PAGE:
1 Corinthians 11:23-26
“Plagues, Family Meals, & Remembering”
I was out last Saturday, dropping off some faith formation resources and girl guide cookies at the homes of our church families with children. And while I was doing it, I enjoyed a few nice chats with some of the parents and kids from a safe physical distance, usually at the bottom of the front steps.
But I’ll remember the greeting I received from one of the teenagers when she looked out the front door and saw me standing there: “I haven’t seen you since before the plague!” That’s quite the dramatic way of putting what’s going on with this viral pandemic, but I guess it’s not too far off.
Now, I’ve been leading worship services on Maundy Thursday every year since I was ordained. But I realized as I began to prepare this year that although the services have varied a great deal in their format and liturgies, they have always included a celebration of the Lord’s Supper and they have almost always included a foot washing or a hand washing piece – either with a few people having their feet washed in a symbolic or dramatic presentation, or with everyone invited to participate in washing and being washed.
With all that’s been going on over the last month, we’re all hand washing experts by now! Plus, our hands are already dry and cracked enough that adding liturgical hand washing just seems like something we don’t need to do. And without being able to gather together physically, sharing Holy Communion, let alone having our usual Maundy Thursday potluck supper at First Church, is just not going to happen.
So, with the focus of this service normally centered on the Sacrament of Communion and the foot washing, I have typically included the reading from 1 Corinthians in which the Apostle Paul relates the institution of the Lord’s Supper. Plus, we’ve read the story from John chapter 13 in which Jesus washes the feet of his disciples as they share that last supper together before he is arrested.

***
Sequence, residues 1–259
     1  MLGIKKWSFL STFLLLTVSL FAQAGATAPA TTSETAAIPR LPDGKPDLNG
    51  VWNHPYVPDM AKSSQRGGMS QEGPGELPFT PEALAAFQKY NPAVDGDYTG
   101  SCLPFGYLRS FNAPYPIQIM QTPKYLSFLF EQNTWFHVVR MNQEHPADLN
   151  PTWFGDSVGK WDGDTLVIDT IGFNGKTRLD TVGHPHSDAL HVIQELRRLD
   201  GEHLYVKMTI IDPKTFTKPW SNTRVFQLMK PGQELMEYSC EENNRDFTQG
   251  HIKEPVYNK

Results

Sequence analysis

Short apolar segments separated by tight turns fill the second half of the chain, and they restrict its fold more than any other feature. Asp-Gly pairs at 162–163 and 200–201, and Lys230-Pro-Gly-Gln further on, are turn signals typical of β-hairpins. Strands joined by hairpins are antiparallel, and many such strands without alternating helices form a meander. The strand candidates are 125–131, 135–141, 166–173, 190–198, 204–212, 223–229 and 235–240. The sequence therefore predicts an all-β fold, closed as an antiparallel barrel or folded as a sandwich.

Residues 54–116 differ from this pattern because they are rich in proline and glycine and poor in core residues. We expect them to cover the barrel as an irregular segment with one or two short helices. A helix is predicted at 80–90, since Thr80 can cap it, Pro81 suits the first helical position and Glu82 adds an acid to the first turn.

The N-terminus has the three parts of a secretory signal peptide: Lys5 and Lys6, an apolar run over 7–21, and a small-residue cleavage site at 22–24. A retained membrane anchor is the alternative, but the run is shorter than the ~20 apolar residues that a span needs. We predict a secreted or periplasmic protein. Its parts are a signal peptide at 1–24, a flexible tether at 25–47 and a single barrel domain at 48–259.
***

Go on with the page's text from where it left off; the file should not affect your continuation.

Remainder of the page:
The text that I have NEVER included on Maundy Thursday is the Old Testament reading from Exodus 12 that we just heard read tonight. But somehow, this year, it seems particularly appropriate. After all, it’s about a plague. And it’s about families gathered together in their homes, not really safe to be out and about in the community. It’s about fear, and hope, and uncertainty, and trusting in God.
This part of the story of God’s People comes from the time when the Hebrews were still slaves in Egypt. God is working on a plan to get them out and get them free. And, at least the way they tell the story later on, God uses the plagues to cause trouble for the oppressive Egyptians so that Moses can lead the Hebrews out, and through the wilderness, and into the promised land.
Now, I should say right away that I don’t believe God causes plagues. I don’t think God caused the “plague” that the world is experiencing today in the COVID-19 pandemic, and I don’t think God caused other plagues that have created hardship and suffering for people and communities throughout history.
I understand why God’s people tell the story that way. I mean, they look back and see the good that came out of all the trouble and they see God’s hand in that good. The plagues happened, and the Egyptians suffered, and the Hebrews managed to escape to freedom.
It’s like when I hear people commenting that this pandemic is giving them an opportunity for a long-overdue sabbath rest. Or when they note that God seems to be forcing them to slow down their hectic schedules and appreciate the simple things in life like time spent with their children or spouse.
They don’t mean that God caused a pandemic so that they would experience these positive benefits. But maybe God works some good in our lives, even in the midst of really bad events, when we are open to God’s guidance and direction.
The Exodus text also seems appropriate for this year’s service because it’s about the Passover meal that all the People of God are instructed to share, but they’re not going to do it all together in one gathering at a synagogue or church or public place of some kind.